This research project dealt with the dissemination of knowledge in the sequel of that of power and belief structures on the Eurasian continent. The focus here was on processes in which knowledge spreads across long distances or over vast areas as an incidental effect of other diffusion processes such as the expansion of empires or the spread of religions. These processes may be of transregional and cross-cultural character, but they may also be corridor-like, connecting distant regions by a thin and fragile chain of transmission, for instance, a trade route like the Silk Road or the Jesuit mission to China. As knowledge is but a fellow traveler in these processes, the results of transmission are often only of a transitory nature but have the possibility of the long-lasting sedimentation of at least some achievements, such as practices of writing and calculating that later became relevant to the appropriation of scientific knowledge. This kind of knowledge globalization began with the emergence of institutions bundling cultural activities such as centers of trade and production, states and world religions. As a consequence, transmission processes themselves became institutionalized. Commercial, military and missionary activities provided new stimuli for knowledge transmission.
Within this focus the kinds of knowledge are communicated during the spread of Buddhism in the first millennium AD were investigated as well as the transformative processes involved (Jens Braarvig). An outcome is that the adoption of Buddhism had a great impact on some of the receiving societies. It created not only new knowledge and religious activities, but also important institutions, such as the monastic community, and stimulated further intellectual and educational activities in fields such as grammar, lexicography, logic, philosophy and psychology.
One investigation addressed the transmission by Jesuit missionaries of European scientific knowledge to China in the early modern period (Matthias Schemmel). It was confirmed that this transmission led to a partial integration of European knowledge into the Chinese tradition without however bringing about the revolutionary developmental dynamics European scientific knowledge experienced at the same time in its culture of origin.
A complementary research endeavor dealt with educational journeys in Europe and Asia in early modern times taking the example of the travel diaries of the polyhistor Martinus Fogelius Hamburgensis (1634–1675), a correspondence partner of Gottfried Wilhelm Leibniz (Simone Rieger). In preparation for the reconstruction of a worldwide network in the early modern period, 1500 pages of Fogel’s travel diaries have been digitized in cooperation with the Gottfried Wilhelm Leibniz-Bibliothek Hannover and will be made available via the ECHO environment.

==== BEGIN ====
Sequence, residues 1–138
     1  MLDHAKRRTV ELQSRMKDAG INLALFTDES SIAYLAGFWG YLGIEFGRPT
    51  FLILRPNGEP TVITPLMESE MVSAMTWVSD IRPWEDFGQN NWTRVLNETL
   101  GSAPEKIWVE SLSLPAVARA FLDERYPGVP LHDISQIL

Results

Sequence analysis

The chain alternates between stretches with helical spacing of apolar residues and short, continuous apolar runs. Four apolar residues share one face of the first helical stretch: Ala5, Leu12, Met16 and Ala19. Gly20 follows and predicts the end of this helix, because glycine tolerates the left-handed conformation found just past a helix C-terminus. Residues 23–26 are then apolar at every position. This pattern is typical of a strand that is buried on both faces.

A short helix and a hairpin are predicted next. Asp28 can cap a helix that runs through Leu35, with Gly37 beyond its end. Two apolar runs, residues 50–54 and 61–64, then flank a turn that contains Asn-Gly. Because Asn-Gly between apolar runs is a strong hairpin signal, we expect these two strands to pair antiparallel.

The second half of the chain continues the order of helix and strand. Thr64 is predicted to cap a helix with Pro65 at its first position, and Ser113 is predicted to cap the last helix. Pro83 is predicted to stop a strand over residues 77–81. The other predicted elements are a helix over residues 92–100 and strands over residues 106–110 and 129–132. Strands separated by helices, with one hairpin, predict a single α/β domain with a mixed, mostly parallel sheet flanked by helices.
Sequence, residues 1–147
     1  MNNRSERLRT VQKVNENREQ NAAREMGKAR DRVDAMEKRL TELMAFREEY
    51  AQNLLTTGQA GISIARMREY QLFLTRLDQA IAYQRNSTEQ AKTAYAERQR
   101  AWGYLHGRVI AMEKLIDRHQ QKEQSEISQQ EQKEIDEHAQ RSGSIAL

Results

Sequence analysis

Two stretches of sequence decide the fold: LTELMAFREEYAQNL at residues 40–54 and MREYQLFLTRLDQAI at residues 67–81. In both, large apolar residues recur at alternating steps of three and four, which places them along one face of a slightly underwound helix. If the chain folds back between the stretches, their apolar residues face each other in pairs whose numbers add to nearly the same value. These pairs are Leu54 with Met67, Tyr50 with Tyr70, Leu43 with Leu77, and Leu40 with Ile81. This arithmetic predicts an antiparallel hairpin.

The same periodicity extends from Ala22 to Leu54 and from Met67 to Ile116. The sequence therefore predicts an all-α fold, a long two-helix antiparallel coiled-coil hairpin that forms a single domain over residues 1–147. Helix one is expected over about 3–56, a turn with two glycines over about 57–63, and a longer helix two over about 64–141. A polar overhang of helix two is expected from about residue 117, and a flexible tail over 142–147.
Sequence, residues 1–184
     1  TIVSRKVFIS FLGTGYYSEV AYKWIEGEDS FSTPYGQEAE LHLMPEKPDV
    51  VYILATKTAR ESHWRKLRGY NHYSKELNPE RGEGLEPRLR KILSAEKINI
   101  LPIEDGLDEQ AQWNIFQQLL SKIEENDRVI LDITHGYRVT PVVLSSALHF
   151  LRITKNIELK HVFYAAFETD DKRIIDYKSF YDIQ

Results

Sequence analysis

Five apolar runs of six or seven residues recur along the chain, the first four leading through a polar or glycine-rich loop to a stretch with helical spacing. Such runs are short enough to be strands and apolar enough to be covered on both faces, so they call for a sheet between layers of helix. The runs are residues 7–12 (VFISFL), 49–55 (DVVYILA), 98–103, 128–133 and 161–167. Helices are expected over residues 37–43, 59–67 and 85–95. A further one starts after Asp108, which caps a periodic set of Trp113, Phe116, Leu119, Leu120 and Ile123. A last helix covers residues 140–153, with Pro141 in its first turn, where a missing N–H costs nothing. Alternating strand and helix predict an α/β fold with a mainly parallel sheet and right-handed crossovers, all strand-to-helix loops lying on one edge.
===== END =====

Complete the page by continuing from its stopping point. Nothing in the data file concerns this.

Research concerned with the spread of early modern science in Europe has shown that the spread of advanced knowledge from the centers to lessdeveloped scholarly traditions at the European periphery was not a simple transfer (Kostas Gavroglu, Manolis Patiniotis). By exploring the case of the establishment of Newtonian science in the Greek-speaking regions of the Ottoman Empire it has been shown that new ideas introduced to the so-called periphery were not placed in a void; they rather interacted with and displaced other, usually strongly entrenched systems of knowledge closely associated with religion.
Research on folk religion in South-Eastern Europe provided further insights into the socio-cultural background of knowledge diffusion at the turn of the 20th century (Florentina Geller). A further study of transmission from the center to the so-called periphery concerns the spread of French models of textbooks on mathematics to Spain in the 19th century (José M. Pacheco).
The production and dissemination of scientific knowledge as a fellow traveler of colonization, can, by active accommodation to new circumstances, become a powerful motor of decolonization, as the example of 20th-century India illustrates (Dhruv Raina). The transmission of new technological and scientific knowledge under the conditions of external pressure often provoked an immune response mobilizing or newly inventing local knowledge traditions. In India such a mobilization led, for instance, to attempts to revive and reinterpret traditional Ayurvedic medicine in terms of Western medical and pharmaceutical knowledge.